Wednesday, March 5, 2014

Discerning “religious” as a purpose for tax-exempt status

Last year, the Porter County Tax Assessment Board of Appeals brought up the religious exemption of Preachit for examination. Preachit is an Indiana organization whose website describes it as providing “resources for ministers by ministers.” The website further describes itself as “an Apostolic/Pentecostal resource web site with over 3900 manuscript and outlined sermons of various topics.” Preachit’s 2012 Form 990 lists its mission as “Scriptural/Ministry Evangelization.”

In 2009, Preachit received a religious exemption for part of its property and has not been paying taxes on any part of it since that time. The property is a facility with a “two-story home, several outbuildings, a pond, and more.” Additionally, the head of Preachit, Rev. James Smith, uses the building as his home along with his wife. However, Smith also uses it as the location for Preachit offices, meeting spaces, and a space to produce materials.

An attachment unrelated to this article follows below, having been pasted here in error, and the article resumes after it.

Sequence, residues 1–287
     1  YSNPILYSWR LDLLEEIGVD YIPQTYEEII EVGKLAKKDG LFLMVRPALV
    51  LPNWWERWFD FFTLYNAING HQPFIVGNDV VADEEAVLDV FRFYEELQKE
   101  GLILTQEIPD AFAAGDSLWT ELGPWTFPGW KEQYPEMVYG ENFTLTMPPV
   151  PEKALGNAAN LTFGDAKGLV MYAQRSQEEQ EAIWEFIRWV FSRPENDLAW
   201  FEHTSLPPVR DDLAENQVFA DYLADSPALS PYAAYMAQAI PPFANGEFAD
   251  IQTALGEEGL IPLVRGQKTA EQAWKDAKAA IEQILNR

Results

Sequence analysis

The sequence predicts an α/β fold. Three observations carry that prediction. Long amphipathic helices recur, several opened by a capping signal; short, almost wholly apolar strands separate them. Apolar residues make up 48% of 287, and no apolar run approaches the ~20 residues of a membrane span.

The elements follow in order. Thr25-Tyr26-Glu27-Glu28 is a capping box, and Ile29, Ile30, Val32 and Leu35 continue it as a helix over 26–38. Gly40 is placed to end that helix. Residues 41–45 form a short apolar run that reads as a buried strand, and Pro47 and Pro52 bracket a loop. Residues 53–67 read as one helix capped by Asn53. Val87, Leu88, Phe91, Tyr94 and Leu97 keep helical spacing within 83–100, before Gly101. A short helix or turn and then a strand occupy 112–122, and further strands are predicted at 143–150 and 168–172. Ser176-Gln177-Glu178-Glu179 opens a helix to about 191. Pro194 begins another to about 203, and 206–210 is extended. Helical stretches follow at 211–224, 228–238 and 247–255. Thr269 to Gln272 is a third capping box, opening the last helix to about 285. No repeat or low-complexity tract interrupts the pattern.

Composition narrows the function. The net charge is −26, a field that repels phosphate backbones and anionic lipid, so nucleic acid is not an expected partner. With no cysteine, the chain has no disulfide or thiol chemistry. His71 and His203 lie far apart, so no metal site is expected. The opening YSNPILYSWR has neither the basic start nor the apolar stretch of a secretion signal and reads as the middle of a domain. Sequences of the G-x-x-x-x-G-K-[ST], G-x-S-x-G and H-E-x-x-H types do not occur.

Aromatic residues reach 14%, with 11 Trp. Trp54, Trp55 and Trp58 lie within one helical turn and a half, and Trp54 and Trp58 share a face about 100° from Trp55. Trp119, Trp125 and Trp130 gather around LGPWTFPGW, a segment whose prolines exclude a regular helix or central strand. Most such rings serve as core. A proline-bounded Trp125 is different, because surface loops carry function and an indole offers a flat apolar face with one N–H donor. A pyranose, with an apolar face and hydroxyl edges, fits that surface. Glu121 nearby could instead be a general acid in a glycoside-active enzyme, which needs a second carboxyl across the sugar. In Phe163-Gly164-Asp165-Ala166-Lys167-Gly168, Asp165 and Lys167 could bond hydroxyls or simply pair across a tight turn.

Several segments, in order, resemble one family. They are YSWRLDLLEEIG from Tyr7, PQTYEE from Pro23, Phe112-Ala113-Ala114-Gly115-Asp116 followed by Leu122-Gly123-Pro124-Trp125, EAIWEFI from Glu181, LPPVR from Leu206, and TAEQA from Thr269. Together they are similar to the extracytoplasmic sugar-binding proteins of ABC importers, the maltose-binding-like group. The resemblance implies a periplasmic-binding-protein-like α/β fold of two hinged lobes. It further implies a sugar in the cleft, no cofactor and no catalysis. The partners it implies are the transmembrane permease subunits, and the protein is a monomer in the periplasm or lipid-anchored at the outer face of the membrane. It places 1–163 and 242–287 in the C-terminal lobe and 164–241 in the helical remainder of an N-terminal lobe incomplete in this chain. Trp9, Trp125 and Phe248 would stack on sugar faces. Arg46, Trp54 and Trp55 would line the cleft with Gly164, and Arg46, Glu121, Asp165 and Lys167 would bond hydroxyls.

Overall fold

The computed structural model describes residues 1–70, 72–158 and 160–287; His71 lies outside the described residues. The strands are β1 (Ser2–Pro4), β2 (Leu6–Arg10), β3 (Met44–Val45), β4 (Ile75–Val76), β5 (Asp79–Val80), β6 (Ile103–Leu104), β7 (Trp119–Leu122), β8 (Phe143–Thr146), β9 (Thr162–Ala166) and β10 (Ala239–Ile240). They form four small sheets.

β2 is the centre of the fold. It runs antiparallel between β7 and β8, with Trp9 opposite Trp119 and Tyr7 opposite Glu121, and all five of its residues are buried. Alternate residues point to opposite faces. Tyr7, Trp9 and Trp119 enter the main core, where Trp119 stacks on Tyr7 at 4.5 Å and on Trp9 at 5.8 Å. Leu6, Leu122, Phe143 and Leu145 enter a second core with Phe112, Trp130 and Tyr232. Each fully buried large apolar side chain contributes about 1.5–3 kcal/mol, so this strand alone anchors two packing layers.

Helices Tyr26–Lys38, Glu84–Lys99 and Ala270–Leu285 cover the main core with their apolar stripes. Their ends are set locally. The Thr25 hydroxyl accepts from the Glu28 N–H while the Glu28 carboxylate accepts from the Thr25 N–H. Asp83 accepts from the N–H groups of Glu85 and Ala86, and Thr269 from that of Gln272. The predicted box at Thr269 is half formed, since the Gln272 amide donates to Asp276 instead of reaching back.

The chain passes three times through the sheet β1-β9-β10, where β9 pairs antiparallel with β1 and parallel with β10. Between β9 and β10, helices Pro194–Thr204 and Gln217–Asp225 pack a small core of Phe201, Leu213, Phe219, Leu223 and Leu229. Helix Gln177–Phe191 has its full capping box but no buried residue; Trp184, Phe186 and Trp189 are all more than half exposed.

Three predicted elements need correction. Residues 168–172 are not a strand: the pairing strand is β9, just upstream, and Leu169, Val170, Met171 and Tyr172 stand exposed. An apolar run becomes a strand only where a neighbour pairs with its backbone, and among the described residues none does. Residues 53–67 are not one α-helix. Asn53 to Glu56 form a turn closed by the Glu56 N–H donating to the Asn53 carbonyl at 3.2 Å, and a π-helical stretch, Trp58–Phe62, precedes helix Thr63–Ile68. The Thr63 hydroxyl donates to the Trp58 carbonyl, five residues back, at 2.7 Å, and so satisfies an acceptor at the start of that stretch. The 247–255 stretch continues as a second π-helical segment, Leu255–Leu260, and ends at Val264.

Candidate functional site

Porter County’s property tax exemption law mandates that the property owner be exempt from the federal income tax by section 501(c)(3) as an essential element of obtaining county property tax exemption.  While § 501(c)(3) explicitly names religious purposes as one of the permissible purposes, neither § 501(c)(3) nor Treas. Reg. §1.501 defines the term “religious.” Instead, much of the law on this issue has been developed from case law.

Should Preachit qualify for tax-exempt status? What arguments can be made in support of and against granting Preachit tax-exempt status?


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